Studies related to LDL-C and Ashwagandha

Hypoglycemic, Diuretic And Hypocholesterolemic Effect Of Winter Cherry (Withania Somnifera, Dunal) Root

Effect Decrease
Trial Design Cohort
Trial Length 1-6 months
Number of Subjects 12
Gender Both Genders
Body Types Overweight, Average
Notes for this study:
6 persons with Type II diabetes and 6 persons with high cholesterol demonstrated lipid lowering effects, anti-glycemic effects, and a diuretic effect.

Exploratory Study To Evaluate Tolerability, Safety, And Activity Of Ashwagandha (Withania Somnifera) In Healthy Volunteers

Effect Decrease
Trial Design Cohort
Trial Length 1-6 months
Number of Subjects 17
Gender Both Genders
Age Range 18-29
Body Types Average
Notes for this study:
In an exploratory toxicological study in otherwise healthy persons, supplementation of a water extract at 750 mg for 10 days followed by 1,000 mg and 1,250 mg for 10 days each (equivalent to 6 g, 8g , and 10 g of the dry root) noted a 9.3% reduction in total cholesterol which was thought to be due to LDL cholesterol (trending to decrease) and a significant increase in strength in the quadricep and back extensor muscles (but not grip) was noted after 30 days despite no exercise.

A Standardized Withania Somnifera Extract Significantly Reduces Stress-Related Parameters in Chronically Stressed Humans: A Double-Blind, Randomized, Placebo-Controlled Study
Effect Decrease
Values mg/dl. Placebo: before 119.5 (28.6), after 118.8 (26.9). 125 mg before 122.7 (25.0), after 114.9 (18.3). 250 mg before 118.1 (26.2), after 107.5 (22.7). 500 mg before 134.7 (20.4), after 111.2 (14.0)
Trial Design randomized
Trial Length 16months
Number of Subjects 130
Gender mixed
Notes for this study:
In a randomized, double-blind, placebo-controlled trial, 130 participants with an anxiety disorder were assigned to take 125 mg, 250 mg, or 500 mg of ashwagandha extract containing a minimum of 8% withanolide glycosides, 32% oligosaccharides, and a maximum of 2% withaferin A for 60 days. 32 participants dropped out, with more dropouts in the placebo group. While the placebo group saw no notable changes, the ashwaganda groups all saw statistically significant improvements compared with the placebo group in stress/anxiety, fatigue, flushing, perspiration, loss of appetite, headache and muscle pain, feelings of impending doom, palpitations, dry mouth, sleeplessness, forgetfulness, irritability, and inability to concentrate. The 250 mg and 500 mg groups seemed to be somewhat more potent than the 125 mg group for stress/anxiety, fatigue and inability to concentrate. Serum cortisol, CRP and serum VLDL-C, and blood pressure were statistically significantly reduced compared with placebo in all ashwagandha groups, and DHEAS was significantly increased. Fasting blood glucose, total serum cholesterol, serum triglycerides, LDL-C, and HDL-C were improved in the 250 mg and 500 mg groups compared with placebo, and the 500 mg group was significantly lower than the 125 mg group for all but CRP and fasting blood glucose.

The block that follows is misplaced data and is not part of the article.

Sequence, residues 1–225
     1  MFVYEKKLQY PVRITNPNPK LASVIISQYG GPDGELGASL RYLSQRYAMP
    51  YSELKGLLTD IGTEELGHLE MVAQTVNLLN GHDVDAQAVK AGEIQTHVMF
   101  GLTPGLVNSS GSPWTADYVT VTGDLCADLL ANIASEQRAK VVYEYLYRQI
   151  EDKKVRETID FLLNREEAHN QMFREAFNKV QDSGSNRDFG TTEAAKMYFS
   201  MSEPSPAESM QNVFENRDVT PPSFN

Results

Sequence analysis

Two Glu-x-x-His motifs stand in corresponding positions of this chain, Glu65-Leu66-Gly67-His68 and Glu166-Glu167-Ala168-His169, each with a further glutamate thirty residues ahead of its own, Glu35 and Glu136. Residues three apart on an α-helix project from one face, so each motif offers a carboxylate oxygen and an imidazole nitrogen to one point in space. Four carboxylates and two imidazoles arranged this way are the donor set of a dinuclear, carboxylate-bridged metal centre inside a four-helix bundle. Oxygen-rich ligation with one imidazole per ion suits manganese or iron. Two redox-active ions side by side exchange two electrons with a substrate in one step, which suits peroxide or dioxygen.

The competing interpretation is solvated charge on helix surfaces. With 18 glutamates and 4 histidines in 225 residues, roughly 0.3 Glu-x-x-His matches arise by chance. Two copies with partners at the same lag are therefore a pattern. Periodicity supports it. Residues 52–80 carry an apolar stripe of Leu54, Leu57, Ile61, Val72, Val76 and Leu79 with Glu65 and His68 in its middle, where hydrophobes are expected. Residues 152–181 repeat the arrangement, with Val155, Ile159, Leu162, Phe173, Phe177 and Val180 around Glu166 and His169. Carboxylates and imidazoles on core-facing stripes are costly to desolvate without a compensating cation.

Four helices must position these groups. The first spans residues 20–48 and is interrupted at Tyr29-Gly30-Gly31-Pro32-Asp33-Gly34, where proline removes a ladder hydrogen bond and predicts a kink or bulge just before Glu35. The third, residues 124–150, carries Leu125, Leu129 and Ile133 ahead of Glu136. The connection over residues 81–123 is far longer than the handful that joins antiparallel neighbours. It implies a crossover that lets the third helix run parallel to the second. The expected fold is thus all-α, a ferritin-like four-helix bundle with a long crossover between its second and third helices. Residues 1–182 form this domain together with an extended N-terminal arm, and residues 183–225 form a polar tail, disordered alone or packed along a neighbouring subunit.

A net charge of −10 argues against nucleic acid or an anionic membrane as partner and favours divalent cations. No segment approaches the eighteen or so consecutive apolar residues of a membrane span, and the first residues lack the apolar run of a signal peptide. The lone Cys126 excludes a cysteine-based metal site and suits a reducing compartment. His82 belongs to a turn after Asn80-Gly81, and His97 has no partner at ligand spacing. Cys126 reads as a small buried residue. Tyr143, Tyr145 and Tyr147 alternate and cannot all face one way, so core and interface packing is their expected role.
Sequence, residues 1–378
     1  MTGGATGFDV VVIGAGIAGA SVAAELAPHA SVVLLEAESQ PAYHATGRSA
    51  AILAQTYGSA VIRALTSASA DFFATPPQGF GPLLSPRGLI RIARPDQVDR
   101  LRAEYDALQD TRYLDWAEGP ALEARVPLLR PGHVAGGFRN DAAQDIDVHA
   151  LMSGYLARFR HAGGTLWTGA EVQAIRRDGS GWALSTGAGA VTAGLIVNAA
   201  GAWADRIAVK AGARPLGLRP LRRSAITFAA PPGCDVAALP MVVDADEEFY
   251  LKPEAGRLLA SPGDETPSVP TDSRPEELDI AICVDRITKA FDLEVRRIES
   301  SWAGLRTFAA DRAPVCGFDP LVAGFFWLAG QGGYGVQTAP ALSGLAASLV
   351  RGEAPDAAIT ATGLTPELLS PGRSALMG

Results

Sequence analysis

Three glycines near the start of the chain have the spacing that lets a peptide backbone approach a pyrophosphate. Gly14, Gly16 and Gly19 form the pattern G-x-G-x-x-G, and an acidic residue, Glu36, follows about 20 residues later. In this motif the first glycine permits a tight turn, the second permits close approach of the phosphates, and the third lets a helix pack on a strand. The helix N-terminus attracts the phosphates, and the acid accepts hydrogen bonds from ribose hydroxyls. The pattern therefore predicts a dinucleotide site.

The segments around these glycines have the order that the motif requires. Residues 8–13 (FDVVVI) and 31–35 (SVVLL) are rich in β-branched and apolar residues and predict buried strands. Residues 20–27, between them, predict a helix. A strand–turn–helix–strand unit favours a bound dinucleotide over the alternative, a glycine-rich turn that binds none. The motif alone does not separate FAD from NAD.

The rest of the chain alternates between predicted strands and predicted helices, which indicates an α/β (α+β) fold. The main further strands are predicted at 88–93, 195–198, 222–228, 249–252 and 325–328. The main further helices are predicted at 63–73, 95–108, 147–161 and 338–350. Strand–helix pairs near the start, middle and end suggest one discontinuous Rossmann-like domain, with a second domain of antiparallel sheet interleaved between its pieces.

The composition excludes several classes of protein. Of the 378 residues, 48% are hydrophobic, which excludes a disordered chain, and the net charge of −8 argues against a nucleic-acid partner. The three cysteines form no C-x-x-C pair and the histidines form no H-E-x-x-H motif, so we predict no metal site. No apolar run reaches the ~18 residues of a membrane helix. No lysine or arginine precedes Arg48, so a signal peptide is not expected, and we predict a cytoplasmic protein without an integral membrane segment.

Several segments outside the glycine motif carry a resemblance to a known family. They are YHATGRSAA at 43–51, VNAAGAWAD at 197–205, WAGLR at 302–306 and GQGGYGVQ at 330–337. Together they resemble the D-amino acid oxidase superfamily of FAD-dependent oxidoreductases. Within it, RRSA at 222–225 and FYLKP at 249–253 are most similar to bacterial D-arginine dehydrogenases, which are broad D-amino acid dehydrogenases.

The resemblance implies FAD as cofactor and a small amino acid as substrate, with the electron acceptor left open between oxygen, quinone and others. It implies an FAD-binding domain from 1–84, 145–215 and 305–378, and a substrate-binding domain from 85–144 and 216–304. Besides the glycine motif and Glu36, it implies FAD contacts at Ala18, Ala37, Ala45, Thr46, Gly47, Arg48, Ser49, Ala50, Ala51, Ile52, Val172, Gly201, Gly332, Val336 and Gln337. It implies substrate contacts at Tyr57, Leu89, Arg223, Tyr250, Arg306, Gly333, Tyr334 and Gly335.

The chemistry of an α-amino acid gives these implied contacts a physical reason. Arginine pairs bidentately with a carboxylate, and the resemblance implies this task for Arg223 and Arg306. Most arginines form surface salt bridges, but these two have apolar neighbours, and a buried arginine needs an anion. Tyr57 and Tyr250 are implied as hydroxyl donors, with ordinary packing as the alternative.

Funding issues for this study:
"We would like to thank Natreon Inc. (New Brunswick, New Jersey) for financial support of this study. " "Dr. Auddy is an employee of Natreon Inc., which is the patent holder of Withania somnifera extract sold under the trade names Essentra® and Sensoril®. Dr. Abedon is an employee of NutraGenesis LLC, which sells Withania somnifera extract exclusively under the trade names Essentra® and Sensoril®. Dr. Ghosal was an unpaid adviser to Natreon Inc. at the time the study was conducted."

Effects Of An Aqueous Extract Of Withania Somnifera On Strength Training Adaptations And Recovery: The STAR Trial

Effect None
Values (mg/dl). Placebo: before 107.1 ± 34.3, after 113.2 ± 36.6. Ashwagandha: before 89.4 ± 30.5, after 87.8 ± 25.3
Trial Design Randomized trial
Trial Length 1-6 months
Number of Subjects 40
Gender Male
Age Range 18-29, 30-44, 45-64
Body Types Obese, Overweight, Average
Notes for this study:
In a randomized, double-blind, placebo-controlled trial, 40 healthy young, recreationally active men were allocated to take 500 mg of a potent ashwagandha extract (standardized to 10% withanolides) or placebo for 12 weeks.

The primary outcome was the change in muscle strength as measured by one-repetition maximum with the Smith machine bench press and back squat. There was a statistically significant increase in 1-repetition max for both squat and bench press. While the ashwagandha group saw a greater improvement in 7.5 km running down, this wasn't statistically significant between groups and the same was the case for average and peak power for squats and bench press, and number of repetitions.

There were no statistically significant changes between groups for body fat percentage, lean mass, fat mass, Android/Gynoid Ratio, visceral fat, or body mass. There were no statistically significant differences between groups on subjective assessments on a visual analog scale for perceived recovery, invigoration, mood, desire to work out, willingness to train, optimism, or soreness.

For blood testing, a large number of things were measured but none of it is particularly noteworthy (available in the values box in each respective outcome).
Funding issues for this study:
"Funding for this study was provided by Natreon, Inc. (New Brunswick, NJ, USA) through a restricted grant. The sponsor of the study was not involved in the conduct, interpretation, or the preparation of the final manuscript. A blinded third-party audited the collected data for accuracy and performed the statistical analyses."